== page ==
On the occasion of its 20th Anniversary, Oregon’s third largest art museum is extending itself to the community with free admission, free lectures, free cake and more – a chance to savor the cultural jewel that the rests in the heart of the city.
“The museum is an invaluable resource to Salem,” says John Olbrantz, Director of the Hallie Ford Museum of Art. “It presents an encyclopedic collection of world art,” including work from Ancient Egypt, from Renaissance and Baroque periods, from Asia, Native America and contemporary sources. “Having 9,000 objects like these in Salem, Oregon is remarkable and unique.”
Since it opened its doors in October of 1998, the Hallie Ford Museum of Art has emerged as one of the premier academic museums in the nation. The museum has published 28 books focusing on regional artists, Native American art, and historical topics, making it one of the most active publishers in the region.
To celebrate its first 20 years, the Museum will offer free admission the entire week of October 2 – 7, with access to all three galleries and, on October 3, free cake, coffee and tea in the lobby all day and guided docent talks. The evening’s celebration will be a First Wednesday event sponsored by Bryn Mawr Vineyards and will include a complimentary lecture by Olbrantz.
All week, visitors will be able to take in important exhibitions, including, Witness: Themes of Social Justice in Contemporary Printmaking and Photography from the Collections of Jordan D. Schnitzer and His Family Foundation, which explores issues of race, identity, and social justice in contemporary printmaking and photography. More than 80 prints by 40 artists comprise the exhibit, sourced from one of the legendary privately owned print collections in the United States.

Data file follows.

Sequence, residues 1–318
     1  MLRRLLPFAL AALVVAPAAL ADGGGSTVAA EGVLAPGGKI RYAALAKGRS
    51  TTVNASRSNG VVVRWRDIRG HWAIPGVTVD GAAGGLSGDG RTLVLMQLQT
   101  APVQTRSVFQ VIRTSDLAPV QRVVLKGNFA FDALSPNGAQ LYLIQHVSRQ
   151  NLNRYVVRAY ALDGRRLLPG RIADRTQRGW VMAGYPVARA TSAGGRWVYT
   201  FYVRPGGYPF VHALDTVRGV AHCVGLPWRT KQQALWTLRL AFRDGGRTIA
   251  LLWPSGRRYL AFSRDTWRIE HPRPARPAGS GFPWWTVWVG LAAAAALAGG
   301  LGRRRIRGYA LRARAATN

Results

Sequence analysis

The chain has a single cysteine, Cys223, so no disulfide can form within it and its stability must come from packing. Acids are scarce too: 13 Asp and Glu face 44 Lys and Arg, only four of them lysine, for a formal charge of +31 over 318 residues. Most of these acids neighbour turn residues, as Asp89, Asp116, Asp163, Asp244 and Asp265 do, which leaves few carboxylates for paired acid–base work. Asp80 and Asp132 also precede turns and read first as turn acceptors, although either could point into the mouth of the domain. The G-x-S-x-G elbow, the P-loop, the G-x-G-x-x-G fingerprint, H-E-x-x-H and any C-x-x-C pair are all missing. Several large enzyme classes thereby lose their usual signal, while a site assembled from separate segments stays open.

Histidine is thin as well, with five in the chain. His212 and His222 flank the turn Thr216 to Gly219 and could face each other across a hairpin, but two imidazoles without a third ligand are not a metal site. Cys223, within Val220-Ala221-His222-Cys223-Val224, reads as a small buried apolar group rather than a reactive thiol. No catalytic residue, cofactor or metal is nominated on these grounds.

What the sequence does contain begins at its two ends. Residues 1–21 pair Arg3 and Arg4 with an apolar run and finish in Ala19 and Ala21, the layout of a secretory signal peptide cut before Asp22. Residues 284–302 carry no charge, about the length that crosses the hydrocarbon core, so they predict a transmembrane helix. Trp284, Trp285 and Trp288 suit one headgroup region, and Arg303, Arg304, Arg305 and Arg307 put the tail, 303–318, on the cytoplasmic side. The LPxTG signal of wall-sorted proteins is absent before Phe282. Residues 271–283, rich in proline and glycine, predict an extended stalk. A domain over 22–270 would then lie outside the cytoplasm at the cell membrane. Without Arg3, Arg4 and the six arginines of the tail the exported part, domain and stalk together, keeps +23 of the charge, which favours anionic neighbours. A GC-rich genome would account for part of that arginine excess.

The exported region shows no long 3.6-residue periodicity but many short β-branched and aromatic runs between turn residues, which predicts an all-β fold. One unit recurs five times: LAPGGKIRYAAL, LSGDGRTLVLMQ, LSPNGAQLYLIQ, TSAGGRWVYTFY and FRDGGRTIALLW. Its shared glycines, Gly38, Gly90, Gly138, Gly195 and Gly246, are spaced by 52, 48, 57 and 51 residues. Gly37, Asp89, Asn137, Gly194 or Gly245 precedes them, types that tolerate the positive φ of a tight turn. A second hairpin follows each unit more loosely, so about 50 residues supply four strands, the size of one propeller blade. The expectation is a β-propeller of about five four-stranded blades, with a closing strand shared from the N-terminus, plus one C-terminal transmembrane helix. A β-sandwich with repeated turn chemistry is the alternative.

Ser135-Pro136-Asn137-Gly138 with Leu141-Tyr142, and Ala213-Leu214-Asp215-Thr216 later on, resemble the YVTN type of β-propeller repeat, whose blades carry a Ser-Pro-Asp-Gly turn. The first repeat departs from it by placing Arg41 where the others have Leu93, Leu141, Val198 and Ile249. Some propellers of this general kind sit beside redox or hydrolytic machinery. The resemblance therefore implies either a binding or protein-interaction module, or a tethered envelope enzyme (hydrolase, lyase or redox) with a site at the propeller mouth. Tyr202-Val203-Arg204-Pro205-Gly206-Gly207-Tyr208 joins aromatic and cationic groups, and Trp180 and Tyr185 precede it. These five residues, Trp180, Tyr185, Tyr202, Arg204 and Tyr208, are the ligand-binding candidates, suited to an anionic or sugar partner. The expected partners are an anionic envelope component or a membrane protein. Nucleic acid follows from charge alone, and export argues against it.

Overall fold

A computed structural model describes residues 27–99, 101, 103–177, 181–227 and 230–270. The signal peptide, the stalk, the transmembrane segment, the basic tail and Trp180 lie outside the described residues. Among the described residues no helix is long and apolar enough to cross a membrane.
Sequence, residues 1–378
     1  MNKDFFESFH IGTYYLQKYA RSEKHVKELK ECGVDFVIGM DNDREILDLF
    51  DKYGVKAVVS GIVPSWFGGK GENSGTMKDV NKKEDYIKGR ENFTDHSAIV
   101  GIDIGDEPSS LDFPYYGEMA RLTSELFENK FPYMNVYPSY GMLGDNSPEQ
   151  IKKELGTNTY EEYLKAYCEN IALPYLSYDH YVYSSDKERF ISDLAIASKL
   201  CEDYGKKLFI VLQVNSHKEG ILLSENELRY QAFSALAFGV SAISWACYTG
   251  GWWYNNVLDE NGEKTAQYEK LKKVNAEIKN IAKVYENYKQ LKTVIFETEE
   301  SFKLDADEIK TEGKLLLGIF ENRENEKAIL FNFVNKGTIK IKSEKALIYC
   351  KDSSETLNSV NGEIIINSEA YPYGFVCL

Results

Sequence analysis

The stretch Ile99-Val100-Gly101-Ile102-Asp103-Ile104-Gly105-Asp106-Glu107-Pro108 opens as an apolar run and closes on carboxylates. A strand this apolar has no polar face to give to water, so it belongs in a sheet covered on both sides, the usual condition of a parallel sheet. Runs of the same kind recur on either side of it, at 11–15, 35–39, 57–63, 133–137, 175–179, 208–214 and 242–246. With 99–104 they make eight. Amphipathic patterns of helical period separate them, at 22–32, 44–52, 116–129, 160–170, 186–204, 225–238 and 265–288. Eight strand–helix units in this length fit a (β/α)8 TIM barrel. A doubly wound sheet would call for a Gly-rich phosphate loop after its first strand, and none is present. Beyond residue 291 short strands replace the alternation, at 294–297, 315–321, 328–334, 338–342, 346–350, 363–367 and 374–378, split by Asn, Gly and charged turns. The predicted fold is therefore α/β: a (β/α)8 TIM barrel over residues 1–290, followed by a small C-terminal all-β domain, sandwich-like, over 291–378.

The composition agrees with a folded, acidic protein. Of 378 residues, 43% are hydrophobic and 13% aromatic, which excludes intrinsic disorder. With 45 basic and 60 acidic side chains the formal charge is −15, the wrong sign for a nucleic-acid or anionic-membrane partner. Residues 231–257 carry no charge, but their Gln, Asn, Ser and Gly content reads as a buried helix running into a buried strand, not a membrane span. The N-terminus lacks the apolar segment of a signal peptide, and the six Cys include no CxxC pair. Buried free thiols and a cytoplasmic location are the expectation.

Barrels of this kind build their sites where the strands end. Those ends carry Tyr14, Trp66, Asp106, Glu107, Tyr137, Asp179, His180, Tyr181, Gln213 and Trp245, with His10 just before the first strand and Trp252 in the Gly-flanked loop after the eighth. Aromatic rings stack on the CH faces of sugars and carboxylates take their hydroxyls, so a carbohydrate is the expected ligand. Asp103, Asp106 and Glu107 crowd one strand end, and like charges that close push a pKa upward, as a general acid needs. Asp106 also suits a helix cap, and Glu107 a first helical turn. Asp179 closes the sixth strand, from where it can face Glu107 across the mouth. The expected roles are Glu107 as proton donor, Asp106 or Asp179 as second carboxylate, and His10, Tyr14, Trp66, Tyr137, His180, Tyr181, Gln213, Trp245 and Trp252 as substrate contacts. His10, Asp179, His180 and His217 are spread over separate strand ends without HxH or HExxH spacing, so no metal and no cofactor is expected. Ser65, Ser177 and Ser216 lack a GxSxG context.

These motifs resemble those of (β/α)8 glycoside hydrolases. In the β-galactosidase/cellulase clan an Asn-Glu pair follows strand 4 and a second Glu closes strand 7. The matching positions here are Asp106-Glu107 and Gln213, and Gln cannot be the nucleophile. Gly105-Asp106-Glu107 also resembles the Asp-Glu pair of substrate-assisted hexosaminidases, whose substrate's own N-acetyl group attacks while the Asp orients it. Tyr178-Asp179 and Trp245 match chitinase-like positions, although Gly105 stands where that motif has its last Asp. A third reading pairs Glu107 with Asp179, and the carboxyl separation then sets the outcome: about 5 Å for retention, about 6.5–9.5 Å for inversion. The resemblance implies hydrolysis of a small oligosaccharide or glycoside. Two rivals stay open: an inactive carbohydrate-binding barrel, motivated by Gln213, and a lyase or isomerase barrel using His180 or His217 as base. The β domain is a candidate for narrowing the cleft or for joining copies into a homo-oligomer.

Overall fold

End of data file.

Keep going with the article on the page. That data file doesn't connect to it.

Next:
Witness was organized by Portland, Oregon art historian and scholar Elizabeth Bilyeu and is accompanied by a full-color, hardcover book with an essay by Bilyeu and an introduction by LeRonn Brooks, an assistant professor of African and African. American Studies at Lehman College. The book will be available for sale at the museum.
“All of the works in the exhibition are incredibly moving to me,” says Bilyeu, “both visually and conceptually. The prints and photographs, and the artists who make them, are very generous. You see this in the art.”
Bilyeu believes that all visitors “will find some sort of connection and also recognize misconnections. It’s easy to relate to many of the images–many are drawn from popular culture–but the stories are often surprising.”
The works displayed in Witness, Bilyeu says, “can provide a jumping-off point for more conversations around important topics like personal and societal histories, identity, and meanings of home and the environment. The works challenge us to look closer and to listen a little more carefully.”
Hallie Ford Museum of Art
700 State Street, Salem
Free admission October 2 – 7
Tuesday – Saturday 10 a.m. – 5 p.m.
Sunday 1 – 5 p.m.
Cake & refreshments all day October 3
with extended hours, 10 a.m. – 8 p.m.
and on October 3 at 7 p.m. a celebratory lecture by John Olbrantz